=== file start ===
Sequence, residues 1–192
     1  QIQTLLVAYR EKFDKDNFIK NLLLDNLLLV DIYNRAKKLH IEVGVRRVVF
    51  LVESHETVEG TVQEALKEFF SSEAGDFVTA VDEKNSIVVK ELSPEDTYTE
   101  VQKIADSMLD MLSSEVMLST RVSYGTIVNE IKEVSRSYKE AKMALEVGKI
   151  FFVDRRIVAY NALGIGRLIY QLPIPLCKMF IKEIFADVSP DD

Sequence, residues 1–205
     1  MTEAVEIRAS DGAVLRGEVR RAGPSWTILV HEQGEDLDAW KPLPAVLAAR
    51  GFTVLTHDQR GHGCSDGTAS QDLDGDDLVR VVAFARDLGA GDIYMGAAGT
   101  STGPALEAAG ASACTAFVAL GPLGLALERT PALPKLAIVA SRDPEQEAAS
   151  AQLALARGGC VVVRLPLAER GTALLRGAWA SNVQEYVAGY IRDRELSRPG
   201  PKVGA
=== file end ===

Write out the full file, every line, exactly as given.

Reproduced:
Sequence, residues 1–192
     1  QIQTLLVAYR EKFDKDNFIK NLLLDNLLLV DIYNRAKKLH IEVGVRRVVF
    51  LVESHETVEG TVQEALKEFF SSEAGDFVTA VDEKNSIVVK ELSPEDTYTE
   101  VQKIADSMLD MLSSEVMLST RVSYGTIVNE IKEVSRSYKE AKMALEVGKI
   151  FFVDRRIVAY NALGIGRLIY QLPIPLCKMF IKEIFADVSP DD

Sequence, residues 1–205
     1  MTEAVEIRAS DGAVLRGEVR RAGPSWTILV HEQGEDLDAW KPLPAVLAAR
    51  GFTVLTHDQR GHGCSDGTAS QDLDGDDLVR VVAFARDLGA GDIYMGAAGT
   101  STGPALEAAG ASACTAFVAL GPLGLALERT PALPKLAIVA SRDPEQEAAS
   151  AQLALARGGC VVVRLPLAER GTALLRGAWA SNVQEYVAGY IRDRELSRPG
   201  PKVGA